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            Prevention of infectious complications in peritoneal dialysis: best demonstrated practices.

            Peritoneal dialysis (PD) related infections continue to be a serious complication for PD patients. Peritonitis can be associated with pain, hospitalization and catheter loss as well as a risk of death. Peritonitis risk is not evenly spread across the PD population or programs. Very low rates of peritonitis in a program are possible if close attention is paid to the causes of peritonitis and protocols implemented to reduce the risk of infection. Protocols to decrease infection risk in PD patients include proper catheter placement, exit-site care that includes Staphylococcus aureus prophylaxis, careful training of patients with periodic retraining, treatment of contamination, and prevention of procedure-related and fungal peritonitis. Extensive data have been published on the use of antibiotic prophylaxis to prevent exit site infections. There are fewer data on training methods of patients to prevent infection risk. Quality improvement programs with continuous monitoring of infections, both of the catheter exit site and peritonitis, are important to decrease the PD related infections in PD programs. Continuous review of every episode of infection to determine the root cause of the event should be routine in PD programs. Further research is needed examining approaches to decrease infection risk.
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              Evidence-Based Criteria for the Choice and the Clinical use of the Most Appropriate Lock Solutions for Central Venous Catheters (Excluding Dialysis Catheters): A GAVeCeLT Consensus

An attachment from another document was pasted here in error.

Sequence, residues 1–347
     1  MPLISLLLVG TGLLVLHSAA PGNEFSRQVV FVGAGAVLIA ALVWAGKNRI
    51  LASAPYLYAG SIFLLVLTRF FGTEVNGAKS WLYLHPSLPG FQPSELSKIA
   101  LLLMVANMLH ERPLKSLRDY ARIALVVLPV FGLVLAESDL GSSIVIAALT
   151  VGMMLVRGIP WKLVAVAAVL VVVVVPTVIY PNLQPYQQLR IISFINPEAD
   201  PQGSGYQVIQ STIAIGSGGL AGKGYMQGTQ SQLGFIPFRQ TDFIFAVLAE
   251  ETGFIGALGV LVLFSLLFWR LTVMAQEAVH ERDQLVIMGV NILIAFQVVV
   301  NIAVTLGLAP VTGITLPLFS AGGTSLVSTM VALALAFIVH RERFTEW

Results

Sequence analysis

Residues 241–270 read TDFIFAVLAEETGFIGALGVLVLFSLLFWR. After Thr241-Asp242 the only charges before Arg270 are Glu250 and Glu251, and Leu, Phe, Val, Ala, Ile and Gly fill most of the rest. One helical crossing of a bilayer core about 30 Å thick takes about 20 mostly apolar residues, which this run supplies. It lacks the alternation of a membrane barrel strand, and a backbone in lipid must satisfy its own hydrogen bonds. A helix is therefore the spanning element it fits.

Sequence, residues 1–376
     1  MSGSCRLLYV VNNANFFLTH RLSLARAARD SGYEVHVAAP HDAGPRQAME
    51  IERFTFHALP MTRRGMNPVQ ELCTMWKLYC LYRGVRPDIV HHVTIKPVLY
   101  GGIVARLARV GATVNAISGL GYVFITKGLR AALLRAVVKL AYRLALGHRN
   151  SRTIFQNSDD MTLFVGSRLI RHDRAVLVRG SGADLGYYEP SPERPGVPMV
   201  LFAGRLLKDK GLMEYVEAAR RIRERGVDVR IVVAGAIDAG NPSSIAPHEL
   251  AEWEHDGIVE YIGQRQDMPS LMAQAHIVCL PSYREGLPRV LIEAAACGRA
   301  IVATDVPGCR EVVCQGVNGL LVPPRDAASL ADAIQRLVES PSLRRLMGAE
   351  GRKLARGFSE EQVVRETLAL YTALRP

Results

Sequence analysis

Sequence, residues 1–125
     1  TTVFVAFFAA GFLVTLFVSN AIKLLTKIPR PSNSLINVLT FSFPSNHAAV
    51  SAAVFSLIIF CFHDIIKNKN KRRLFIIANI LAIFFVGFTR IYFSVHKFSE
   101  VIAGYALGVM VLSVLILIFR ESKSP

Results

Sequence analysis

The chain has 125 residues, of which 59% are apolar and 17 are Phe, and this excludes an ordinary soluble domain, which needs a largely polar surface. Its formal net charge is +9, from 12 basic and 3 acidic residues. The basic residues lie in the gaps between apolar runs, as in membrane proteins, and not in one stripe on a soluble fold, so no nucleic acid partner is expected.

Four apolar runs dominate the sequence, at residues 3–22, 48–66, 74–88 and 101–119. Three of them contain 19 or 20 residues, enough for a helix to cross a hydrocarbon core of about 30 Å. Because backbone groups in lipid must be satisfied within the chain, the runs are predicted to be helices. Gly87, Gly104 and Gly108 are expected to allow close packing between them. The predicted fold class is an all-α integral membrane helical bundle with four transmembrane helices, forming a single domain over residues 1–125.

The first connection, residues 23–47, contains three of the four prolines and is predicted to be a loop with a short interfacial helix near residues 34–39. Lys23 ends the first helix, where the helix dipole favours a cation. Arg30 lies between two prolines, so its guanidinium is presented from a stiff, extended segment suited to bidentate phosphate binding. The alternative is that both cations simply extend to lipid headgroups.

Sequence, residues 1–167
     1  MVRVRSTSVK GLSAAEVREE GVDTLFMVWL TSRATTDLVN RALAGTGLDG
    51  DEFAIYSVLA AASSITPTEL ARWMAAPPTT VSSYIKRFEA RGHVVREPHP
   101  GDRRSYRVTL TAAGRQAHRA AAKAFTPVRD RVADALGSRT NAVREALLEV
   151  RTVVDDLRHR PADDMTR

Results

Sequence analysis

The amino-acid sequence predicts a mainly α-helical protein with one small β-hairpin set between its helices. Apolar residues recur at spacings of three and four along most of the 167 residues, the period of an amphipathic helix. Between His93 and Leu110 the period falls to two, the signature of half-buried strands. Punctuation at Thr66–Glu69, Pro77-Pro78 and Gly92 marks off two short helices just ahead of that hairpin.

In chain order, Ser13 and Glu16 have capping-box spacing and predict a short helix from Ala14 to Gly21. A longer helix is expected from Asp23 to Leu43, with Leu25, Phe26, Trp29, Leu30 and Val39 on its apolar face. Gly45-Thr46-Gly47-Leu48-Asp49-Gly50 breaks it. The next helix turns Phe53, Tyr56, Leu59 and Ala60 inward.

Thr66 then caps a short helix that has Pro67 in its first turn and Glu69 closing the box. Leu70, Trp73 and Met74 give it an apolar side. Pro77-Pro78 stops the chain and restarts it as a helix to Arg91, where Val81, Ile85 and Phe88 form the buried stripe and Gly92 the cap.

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                Author and article information

                Contributors
                Journal
                Kidney Med
                Kidney Med
                Kidney Medicine
                Elsevier
                2590-0595
                13 July 2020
                Sep-Oct 2020
                13 July 2020
                : 2
                : 5
                : 650-651
                Affiliations
                [1 ]Servicio de Nefrología. Hospital Universitario Ramón y Cajal, Madrid, Spain
                [2 ]Grupo de Nefrología Diagnóstica e Intervencionista _(GNDI) de la Sociedad Española de Nefrología, Madrid, Spain
                [3 ]Universidad de Alcalá, UAH, Madrid, Spain
                [4 ]Instituto Ramón y Cajal de Investigaciones Sanitarias (IryCis), Madrid, Spain
                [5 ]Red de Investigación Renal (RedinREn), Madrid, Spain
                Author notes
                [] Address for Correspondence: R. Haridian Sosa Barrios, MD, MSc, Ctra Colmenar Viejo km 9.1, 28034 Madrid, Spain. haridian@ 123456gmail.com
                Article
                S2590-0595(20)30135-7
                10.1016/j.xkme.2020.04.012
                7568065
                33089141
                © 2020 The Authors

                This is an open access article under the CC BY-NC-ND license (http://creativecommons.org/licenses/by-nc-nd/4.0/).